Here, I'm preparing Ang Ku Kueh with peanut filling. I'm using a wooden mould which needs to be greased often with cooking oil during use. This makes it easier to knock out the kueh. If you do not wish to knock the mould against the edge of a bowl (like I did in the video), you can hit it against a sturdy table or kitchen countertop instead.
Here's the finished product. I'm still working on the recipe, because I want the 'skin' to be thinner. The peanut filling was rather difficult to wrap; it caused the skin to fall apart! So I had to use more skin dough to wrap the filling. I'll have to keep experimenting till I get it right.
Here are the wooden moulds I have. The one on the right was bought from a Phoon Huat store; the one on the left belongs to my aunt. I love using moulds made of wood because they have a more 'authentic' and 'rustic' feel. The downside is that I have to brush it with cooking oil often during use, so that it is easy to knock the kueh out.
An alternative are these plastic moulds (from Phoon Huat). There are two sizes. I like using the smaller one. It makes smaller kueh that is easier to pop into the mouth, but small kueh is harder to wrap. The good thing about using a plastic mould is that the kueh doesn't stick much to it (so no need to keep greasing it). That makes it easier to knock the kueh out. The not-so-good-thing about it is that the pattern grooves are not 'deep', so after the kueh is steamed, the pattern is not very clear.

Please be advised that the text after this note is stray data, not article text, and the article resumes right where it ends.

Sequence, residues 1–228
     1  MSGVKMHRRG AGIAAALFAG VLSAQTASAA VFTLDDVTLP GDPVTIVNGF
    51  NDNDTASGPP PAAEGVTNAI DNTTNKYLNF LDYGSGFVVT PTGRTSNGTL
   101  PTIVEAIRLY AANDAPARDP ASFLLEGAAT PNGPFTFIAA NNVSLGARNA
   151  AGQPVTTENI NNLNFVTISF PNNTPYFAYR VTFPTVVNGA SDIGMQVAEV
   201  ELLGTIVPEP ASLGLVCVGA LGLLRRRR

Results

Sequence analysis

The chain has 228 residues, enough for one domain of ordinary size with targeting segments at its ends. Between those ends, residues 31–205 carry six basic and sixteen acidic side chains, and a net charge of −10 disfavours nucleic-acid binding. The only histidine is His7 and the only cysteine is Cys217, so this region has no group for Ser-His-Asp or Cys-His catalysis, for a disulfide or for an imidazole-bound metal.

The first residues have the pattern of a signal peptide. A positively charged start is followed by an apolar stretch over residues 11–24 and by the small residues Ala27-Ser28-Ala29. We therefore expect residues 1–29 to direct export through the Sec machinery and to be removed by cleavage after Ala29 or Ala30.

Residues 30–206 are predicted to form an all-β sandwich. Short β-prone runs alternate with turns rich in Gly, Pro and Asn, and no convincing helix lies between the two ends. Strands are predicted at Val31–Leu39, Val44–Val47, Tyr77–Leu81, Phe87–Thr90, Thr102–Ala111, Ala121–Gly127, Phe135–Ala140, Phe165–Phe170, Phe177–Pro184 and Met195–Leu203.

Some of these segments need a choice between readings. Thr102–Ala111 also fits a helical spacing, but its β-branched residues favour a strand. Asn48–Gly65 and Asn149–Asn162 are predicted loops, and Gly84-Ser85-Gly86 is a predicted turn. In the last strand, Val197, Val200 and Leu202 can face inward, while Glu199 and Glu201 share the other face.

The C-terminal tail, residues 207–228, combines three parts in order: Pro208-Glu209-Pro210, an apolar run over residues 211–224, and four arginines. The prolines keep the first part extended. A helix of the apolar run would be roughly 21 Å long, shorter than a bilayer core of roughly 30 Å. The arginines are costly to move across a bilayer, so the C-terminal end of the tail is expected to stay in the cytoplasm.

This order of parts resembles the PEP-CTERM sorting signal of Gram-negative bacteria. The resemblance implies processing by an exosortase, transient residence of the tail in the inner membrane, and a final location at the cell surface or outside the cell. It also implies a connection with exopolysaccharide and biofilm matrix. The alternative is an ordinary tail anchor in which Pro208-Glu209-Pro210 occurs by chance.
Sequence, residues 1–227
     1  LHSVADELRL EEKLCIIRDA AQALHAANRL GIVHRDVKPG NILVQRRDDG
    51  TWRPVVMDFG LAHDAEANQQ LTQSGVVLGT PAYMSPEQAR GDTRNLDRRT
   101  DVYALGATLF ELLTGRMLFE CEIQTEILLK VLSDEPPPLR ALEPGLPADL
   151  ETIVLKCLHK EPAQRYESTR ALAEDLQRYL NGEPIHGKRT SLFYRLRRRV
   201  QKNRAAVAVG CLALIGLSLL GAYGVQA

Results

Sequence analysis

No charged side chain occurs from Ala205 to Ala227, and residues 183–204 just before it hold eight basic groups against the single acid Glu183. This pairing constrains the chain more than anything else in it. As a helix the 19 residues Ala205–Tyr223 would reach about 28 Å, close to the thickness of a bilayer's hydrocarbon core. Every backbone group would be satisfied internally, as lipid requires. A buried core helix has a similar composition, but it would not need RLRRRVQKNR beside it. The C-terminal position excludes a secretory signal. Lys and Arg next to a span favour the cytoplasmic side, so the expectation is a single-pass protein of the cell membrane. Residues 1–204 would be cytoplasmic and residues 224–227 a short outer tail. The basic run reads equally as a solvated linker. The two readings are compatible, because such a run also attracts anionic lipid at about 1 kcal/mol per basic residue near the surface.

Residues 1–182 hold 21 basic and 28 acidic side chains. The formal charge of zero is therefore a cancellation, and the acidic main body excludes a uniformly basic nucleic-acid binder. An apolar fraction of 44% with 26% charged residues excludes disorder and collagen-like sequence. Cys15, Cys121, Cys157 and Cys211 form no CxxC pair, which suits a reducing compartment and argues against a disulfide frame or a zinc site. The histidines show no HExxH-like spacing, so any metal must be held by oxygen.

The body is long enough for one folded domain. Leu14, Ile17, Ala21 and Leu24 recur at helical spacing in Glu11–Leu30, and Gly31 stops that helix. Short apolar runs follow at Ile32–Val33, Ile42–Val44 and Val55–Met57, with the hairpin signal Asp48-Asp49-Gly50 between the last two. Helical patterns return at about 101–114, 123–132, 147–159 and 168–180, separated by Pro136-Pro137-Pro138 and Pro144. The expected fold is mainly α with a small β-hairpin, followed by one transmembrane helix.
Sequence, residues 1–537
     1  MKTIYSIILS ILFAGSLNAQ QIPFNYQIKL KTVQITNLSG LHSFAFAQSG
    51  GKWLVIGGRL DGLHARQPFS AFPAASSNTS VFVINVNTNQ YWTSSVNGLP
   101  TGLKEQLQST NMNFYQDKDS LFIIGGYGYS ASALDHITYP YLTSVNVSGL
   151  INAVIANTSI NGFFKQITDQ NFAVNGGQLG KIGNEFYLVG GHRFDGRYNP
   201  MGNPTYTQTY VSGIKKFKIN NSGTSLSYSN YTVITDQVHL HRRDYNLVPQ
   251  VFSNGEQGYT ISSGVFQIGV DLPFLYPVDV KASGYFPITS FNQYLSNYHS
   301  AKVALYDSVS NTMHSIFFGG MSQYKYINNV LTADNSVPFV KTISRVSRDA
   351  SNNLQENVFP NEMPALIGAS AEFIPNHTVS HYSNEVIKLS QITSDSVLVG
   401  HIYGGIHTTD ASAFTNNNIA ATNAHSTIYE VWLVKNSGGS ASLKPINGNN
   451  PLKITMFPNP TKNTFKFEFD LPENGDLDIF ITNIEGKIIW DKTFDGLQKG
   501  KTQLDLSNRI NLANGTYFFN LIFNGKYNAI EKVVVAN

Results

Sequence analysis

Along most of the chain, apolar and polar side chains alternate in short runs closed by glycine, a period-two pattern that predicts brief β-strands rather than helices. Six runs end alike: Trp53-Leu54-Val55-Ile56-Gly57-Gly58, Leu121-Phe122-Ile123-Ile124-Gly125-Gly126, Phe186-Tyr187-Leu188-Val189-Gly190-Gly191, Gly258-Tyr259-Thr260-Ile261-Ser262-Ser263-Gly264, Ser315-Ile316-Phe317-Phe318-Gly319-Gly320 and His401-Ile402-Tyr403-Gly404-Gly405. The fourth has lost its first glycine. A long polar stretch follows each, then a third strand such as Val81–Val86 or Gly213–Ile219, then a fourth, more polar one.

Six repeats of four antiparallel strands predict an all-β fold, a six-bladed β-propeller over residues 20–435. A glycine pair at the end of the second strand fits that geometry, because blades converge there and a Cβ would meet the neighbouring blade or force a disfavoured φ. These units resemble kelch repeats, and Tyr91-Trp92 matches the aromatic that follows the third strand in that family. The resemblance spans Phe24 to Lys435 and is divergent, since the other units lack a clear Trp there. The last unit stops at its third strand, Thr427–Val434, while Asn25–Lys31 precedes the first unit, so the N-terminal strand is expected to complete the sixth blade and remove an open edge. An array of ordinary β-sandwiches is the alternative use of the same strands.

The above article appeared in The Sunday Times lifestyle section on 5 Aug 07. It featured Singaporeans who have published their own books or produced their own CDs. And I am so grateful and honoured to be included in the article. The responses have been overwhelming! Thank you to all who bought my books and wrote to me.
Thank you for your encouraging and uplifting words.